The Generation of Caring

I retired from full time at Open Door Mission on January 1, 2018, but Candace made me an offer I couldn’t refuse, so I came back January 3rd part time. The offer I couldn’t refuse? I would continue teaching a class for the ladies at Lydia House and I could go teach Open Door Mission information classes at schools (elementary through college). I love sharing with students and opening their minds and hearts to those I love, the homeless.
When I share at schools I am amazed at the number of students that have no idea about poverty and homelessness. I actually had one student who does not speak to people who live past 72nd Street. This is sad because the majority of the students are compassionate and caring, wanting to make a real difference in the world. What better place to start than their own metro area?
Going into the schools, sharing facts, stories and the Mission’s needs demystifies the homeless/poverty situations. When sharing, statistics become people, families like theirs and students just like them. They can begin to understand the needs of their community. They can help stop prejudice against certain groups. They can begin early giving back by volunteering and helping less fortunate. These are our future leaders, our legislators, judges, medical care givers, business developers, educators and even our neighbors. Knowledge is a powerful force and by educating students about poverty, homelessness and Open Door Mission, we set the hope for a more compassionate and caring world.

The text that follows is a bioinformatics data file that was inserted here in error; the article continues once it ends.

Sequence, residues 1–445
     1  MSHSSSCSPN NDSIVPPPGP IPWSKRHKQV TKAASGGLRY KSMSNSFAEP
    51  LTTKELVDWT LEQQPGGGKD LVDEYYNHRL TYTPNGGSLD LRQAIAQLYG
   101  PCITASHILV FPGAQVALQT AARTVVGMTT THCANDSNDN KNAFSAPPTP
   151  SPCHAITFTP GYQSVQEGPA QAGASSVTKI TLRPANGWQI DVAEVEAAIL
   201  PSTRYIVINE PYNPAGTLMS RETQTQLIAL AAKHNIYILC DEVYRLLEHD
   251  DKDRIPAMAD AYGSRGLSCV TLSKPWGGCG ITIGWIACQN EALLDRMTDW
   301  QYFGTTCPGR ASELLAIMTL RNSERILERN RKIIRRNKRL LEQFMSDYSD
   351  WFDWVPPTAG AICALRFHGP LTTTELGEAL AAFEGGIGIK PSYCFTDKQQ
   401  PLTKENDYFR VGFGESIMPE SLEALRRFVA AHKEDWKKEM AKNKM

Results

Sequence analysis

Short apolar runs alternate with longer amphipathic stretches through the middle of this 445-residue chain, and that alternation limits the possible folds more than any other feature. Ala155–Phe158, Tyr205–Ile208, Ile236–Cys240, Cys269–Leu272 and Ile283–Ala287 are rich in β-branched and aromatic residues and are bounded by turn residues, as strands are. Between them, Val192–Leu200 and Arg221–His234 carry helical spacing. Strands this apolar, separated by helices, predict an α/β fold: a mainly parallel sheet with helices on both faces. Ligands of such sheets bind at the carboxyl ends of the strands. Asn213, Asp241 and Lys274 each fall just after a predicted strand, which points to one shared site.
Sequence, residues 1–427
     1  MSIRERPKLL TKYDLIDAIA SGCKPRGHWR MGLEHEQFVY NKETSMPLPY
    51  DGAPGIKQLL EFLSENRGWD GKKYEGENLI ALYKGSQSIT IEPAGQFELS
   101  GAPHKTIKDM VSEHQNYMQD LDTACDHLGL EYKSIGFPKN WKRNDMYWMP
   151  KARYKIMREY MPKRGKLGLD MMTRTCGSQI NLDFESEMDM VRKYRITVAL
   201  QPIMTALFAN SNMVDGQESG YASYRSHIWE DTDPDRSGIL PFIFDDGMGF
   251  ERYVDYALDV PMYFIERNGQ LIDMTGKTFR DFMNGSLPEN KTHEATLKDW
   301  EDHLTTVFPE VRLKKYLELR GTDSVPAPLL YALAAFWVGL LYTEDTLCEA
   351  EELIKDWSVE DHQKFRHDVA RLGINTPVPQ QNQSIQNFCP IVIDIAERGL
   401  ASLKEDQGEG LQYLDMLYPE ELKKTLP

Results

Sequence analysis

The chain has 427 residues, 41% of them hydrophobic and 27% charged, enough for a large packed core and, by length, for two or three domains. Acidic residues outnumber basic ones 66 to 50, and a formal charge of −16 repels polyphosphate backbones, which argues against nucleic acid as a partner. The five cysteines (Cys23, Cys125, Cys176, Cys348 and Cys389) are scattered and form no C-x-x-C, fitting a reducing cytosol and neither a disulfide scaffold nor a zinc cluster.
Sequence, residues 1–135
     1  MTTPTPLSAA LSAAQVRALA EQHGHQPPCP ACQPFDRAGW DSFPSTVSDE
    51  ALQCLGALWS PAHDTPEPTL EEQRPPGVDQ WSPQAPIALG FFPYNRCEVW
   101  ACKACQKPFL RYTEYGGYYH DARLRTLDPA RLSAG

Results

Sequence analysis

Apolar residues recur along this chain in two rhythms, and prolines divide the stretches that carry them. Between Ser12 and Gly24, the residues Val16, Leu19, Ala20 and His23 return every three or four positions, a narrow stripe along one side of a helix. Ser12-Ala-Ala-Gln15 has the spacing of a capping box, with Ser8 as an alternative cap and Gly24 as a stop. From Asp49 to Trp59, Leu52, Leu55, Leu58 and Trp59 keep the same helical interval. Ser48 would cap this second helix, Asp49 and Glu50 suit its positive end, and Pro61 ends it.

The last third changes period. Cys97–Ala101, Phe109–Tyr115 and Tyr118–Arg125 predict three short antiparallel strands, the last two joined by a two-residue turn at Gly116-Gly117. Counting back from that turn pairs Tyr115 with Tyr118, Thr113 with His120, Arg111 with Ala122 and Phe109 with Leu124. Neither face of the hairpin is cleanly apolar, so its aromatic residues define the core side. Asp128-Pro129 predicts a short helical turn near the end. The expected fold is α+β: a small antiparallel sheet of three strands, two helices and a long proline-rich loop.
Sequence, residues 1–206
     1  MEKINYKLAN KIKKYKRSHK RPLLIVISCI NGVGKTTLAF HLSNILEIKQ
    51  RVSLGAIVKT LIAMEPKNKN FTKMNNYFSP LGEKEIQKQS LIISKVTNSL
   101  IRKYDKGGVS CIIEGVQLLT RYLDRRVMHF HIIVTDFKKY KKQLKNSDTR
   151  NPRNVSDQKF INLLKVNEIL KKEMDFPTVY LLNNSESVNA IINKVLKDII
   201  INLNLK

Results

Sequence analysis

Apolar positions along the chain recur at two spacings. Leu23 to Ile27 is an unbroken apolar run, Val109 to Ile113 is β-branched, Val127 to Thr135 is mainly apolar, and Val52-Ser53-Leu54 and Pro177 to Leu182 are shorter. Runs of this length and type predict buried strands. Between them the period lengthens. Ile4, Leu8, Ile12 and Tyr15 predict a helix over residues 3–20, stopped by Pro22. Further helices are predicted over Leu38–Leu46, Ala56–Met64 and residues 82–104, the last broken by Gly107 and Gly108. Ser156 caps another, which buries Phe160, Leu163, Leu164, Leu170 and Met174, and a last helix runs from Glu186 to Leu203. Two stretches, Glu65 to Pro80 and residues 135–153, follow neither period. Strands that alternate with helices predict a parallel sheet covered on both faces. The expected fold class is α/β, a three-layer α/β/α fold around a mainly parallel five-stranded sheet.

I am just one very small part of Open Door Mission, but I like to think that by educating others I will help change the world. I have great faith that those I teach will be the future volunteers and donors to continue God’s work of love & hope at Open Door Mission.

Maggie Cope
Gift In Kind Coordinator

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